This half hour presentation looks at a Fortune 500 company's effort to achieve faster time to market by transitioning from RUP to Agile. Hussman & Stenstad reveal the gradual process from readiness assessment and chartering through education and practice to the creation of an adaptive culture with a "living plan", sharing lessons learned along the way.
Agile teams seem to be meeting more resistance, as they scale up and move from "early adopter" territory into the mainstream. Does this mean Agile can't work in more traditional organisations? Not necessarily, say coaches Michael Spayd and Joe Little, in a new InfoQ interview: what's needed now is an awareness of the need to facilitate organizational change.
Adopting Agile practices requires a shift in the organisation on many different levels, but can making such a change lead to serious trouble?
The Agile Manifesto is six years old. Many have become disillusioned with Agile as it has spread and (inevitably?) been diluted. Post-agilism has been discussed even before Agile has become truly mainstream. Some have suggested that we have learned much over these years and the Agile Manifesto needs to be updated.
Trailridge Consulting's independent survey looked at the adoption of agile practices globally, and the characteristics of the agile companies included in the survey, including demographics and Agile methodologies in use. It went on further to examine the tools which support Agile Project Management and delivery, from spreadhsheets to full blown integrated Agile PM tools.
Agile coach and practitioner David Hussman talked to InfoQ about his approach to helping teams and organizations adopting Agile, including his ideas about customizing it without compromising the common denominators required to make Agile really work. He talked about "story tests", addressing manager fears as their team self-organizes, and building a vibrant development community.
A new article in CIO magazine spells out the ABCs of agile software development for managers.
An old post on "The Physics of Passion" resonates today, as the methodology argument continues: is Agile an approach worth embracing? Or just the latest flavour of corporate Kool-Aid? Kathy Sierra wrote that being accused of "drinking the Kool-Aid" can be a good thing: a sign that we're developing passionate proponents - and opponents.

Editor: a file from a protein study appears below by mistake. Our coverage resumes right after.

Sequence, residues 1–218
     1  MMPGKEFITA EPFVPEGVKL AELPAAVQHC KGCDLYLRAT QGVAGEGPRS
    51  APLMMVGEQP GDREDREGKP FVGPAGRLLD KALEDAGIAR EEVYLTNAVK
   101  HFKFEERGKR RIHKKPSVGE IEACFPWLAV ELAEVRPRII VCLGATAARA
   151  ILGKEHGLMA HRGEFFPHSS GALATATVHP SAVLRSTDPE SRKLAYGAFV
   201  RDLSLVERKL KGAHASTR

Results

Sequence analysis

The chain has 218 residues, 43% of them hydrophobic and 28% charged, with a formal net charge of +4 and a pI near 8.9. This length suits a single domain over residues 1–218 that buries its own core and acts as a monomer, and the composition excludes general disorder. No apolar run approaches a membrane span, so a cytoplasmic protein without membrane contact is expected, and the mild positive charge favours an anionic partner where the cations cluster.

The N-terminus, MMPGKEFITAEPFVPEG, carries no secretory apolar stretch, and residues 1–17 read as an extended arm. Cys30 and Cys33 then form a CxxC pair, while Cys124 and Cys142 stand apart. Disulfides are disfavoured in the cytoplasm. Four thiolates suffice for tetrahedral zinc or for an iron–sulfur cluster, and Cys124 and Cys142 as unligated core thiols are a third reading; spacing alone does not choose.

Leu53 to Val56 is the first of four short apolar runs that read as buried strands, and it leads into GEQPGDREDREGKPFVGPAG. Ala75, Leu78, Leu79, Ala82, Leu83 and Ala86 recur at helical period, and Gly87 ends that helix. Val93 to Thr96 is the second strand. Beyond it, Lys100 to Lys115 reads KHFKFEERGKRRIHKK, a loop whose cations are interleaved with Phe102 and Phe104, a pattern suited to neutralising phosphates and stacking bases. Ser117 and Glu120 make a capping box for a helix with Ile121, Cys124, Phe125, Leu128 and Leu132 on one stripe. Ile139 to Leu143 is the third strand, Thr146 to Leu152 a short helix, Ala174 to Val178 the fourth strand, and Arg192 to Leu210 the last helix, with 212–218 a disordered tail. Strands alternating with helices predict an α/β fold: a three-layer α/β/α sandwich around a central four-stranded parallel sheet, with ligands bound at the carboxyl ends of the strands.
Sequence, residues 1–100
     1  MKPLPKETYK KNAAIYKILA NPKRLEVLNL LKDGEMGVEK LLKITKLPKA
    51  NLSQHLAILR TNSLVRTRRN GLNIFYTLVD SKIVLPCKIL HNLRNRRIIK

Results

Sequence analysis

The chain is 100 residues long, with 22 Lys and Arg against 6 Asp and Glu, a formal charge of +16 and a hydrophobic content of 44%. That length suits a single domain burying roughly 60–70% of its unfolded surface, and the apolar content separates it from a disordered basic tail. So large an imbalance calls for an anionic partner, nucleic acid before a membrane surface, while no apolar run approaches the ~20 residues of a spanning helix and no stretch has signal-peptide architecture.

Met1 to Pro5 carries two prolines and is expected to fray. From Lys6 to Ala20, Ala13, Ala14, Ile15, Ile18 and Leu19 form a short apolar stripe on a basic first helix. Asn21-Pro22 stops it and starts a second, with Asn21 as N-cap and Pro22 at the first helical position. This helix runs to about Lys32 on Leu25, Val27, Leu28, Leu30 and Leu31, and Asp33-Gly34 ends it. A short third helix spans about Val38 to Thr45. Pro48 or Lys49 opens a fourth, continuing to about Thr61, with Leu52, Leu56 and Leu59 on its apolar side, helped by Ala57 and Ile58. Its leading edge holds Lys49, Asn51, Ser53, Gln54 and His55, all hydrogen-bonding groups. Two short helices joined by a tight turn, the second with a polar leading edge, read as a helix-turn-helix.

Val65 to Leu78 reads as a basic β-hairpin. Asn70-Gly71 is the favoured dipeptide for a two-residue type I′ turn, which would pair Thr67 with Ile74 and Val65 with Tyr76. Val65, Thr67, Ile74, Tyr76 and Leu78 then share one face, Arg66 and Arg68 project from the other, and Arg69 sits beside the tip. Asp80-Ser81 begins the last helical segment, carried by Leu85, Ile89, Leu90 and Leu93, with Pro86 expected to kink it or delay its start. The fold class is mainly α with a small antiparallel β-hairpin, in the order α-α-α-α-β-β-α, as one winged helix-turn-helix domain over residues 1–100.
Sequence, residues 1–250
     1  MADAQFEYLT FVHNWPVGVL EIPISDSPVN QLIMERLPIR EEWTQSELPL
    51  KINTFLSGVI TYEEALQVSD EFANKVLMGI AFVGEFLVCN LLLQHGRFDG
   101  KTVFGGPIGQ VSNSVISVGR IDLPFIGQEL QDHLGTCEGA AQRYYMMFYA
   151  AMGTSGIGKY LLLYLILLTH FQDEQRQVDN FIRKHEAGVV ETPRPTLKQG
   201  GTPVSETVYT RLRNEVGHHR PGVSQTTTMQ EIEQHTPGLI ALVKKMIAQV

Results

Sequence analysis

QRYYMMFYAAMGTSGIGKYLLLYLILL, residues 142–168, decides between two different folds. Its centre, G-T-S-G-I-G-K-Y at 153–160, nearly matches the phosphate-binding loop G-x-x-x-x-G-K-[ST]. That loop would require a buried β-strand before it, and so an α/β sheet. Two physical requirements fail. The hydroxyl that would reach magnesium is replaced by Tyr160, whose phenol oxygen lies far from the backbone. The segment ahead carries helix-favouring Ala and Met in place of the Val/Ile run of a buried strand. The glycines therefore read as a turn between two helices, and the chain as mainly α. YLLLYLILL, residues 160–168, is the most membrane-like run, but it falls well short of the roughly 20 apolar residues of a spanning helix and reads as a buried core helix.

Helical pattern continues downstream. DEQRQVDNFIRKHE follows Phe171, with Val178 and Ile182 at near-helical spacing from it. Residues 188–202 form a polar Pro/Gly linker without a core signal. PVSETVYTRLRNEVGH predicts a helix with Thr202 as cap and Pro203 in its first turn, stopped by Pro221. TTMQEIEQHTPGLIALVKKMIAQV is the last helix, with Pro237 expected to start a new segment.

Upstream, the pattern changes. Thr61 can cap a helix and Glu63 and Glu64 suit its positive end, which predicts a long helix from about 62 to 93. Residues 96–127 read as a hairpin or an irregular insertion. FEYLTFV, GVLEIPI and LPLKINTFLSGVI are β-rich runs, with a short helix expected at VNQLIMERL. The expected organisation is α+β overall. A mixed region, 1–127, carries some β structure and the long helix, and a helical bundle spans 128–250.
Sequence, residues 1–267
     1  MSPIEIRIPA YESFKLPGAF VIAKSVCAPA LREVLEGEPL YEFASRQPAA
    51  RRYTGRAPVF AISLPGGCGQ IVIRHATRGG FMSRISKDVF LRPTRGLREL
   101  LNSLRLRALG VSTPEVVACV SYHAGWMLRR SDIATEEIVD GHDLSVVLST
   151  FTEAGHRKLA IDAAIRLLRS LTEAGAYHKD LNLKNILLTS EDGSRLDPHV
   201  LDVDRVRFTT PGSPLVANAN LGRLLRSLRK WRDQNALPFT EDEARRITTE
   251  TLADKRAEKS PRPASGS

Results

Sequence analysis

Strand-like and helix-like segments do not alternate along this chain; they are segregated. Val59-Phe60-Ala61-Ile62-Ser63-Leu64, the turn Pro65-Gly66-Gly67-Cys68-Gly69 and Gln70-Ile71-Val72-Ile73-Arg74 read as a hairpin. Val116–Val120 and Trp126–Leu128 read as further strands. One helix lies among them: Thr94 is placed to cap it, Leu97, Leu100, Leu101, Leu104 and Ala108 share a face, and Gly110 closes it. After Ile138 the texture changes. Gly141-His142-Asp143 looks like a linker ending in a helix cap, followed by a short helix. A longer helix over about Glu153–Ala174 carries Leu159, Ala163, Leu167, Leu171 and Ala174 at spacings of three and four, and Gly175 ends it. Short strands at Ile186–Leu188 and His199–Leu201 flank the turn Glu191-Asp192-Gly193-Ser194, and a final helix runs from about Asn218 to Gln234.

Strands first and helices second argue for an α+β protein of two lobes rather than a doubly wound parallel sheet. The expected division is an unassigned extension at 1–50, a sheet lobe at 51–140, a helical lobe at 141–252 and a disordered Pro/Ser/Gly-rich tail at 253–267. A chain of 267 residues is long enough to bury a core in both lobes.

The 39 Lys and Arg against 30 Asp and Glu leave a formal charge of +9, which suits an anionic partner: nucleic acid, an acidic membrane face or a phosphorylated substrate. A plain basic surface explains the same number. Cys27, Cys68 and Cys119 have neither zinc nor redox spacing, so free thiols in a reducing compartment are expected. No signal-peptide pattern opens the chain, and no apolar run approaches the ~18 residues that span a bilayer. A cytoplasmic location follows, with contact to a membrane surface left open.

"Better quality, plenty of features, fewer nights and weekends: what's not to like?" wrote Mary Branscombe in an interview with CS3 co-architect Russell Williams. Adobe has successfully adopted an iterative development process, leaving waterfall behind. This time they benefitted from a champion, who had successfully adopted iterative processes elsewhere, helping them over the rough spots.
Teams can get sidetracked by process when implementing Agile: they spin, trying to figure out which practices to start with, unsure which will have the biggest impact, or how they fit together. In their InfoQ case study, Amr Elssamadisy and John Mufarrige develop a customized adoption approach to help a team decide where to focus first - an alternative to adoption of pre-packaged methodologies.
Reginald Braithwaite describes how the art of selling can be applied by those seeking the adoption of agile development practices.
When transitioning to agile, success requires a true change in behavior and outlook. Daffyd Rees shares advice on "Cultivating Agile Attitudes" in this excerpt from the Agile Alliance's Agile Development Journal, including "Growing Agile Developers," "Creating Agile Coaches," and "Weeding out Hidden Problems."
In this conference talk Andrew Scotland tells how BBC's New Media division, characterized by a lot of uncertainty and emergent software process, decided to use Scrum to more effectively deliver software amidst all that change and uncertainty. Three years later - the difference is significant, and the journey was worthwhile.
In his recently published "Scrum and XP From the Trenches," Henrik Kniberg gives a comprehensive description of how he implemented a mix of Scrum and XP practices for a development team of 40 people.
Garlik, a UK based identify-fraud security company shared some of their recent success with Agile in an article on computer weekly. They built their main product, Datapatrol, from concept to completion in just 9 months and attributed their success to Agile practices and having a skilled dev team.